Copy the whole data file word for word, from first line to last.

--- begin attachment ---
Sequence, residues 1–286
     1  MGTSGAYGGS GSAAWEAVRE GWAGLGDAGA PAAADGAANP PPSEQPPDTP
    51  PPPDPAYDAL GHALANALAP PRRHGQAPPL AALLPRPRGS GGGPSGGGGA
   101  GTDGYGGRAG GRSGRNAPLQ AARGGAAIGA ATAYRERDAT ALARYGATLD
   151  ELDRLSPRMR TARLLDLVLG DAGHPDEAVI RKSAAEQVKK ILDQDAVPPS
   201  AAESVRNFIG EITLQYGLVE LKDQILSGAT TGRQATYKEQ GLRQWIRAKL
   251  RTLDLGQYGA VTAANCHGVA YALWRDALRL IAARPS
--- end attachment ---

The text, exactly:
Sequence, residues 1–286
     1  MGTSGAYGGS GSAAWEAVRE GWAGLGDAGA PAAADGAANP PPSEQPPDTP
    51  PPPDPAYDAL GHALANALAP PRRHGQAPPL AALLPRPRGS GGGPSGGGGA
   101  GTDGYGGRAG GRSGRNAPLQ AARGGAAIGA ATAYRERDAT ALARYGATLD
   151  ELDRLSPRMR TARLLDLVLG DAGHPDEAVI RKSAAEQVKK ILDQDAVPPS
   201  AAESVRNFIG EITLQYGLVE LKDQILSGAT TGRQATYKEQ GLRQWIRAKL
   251  RTLDLGQYGA VTAANCHGVA YALWRDALRL IAARPS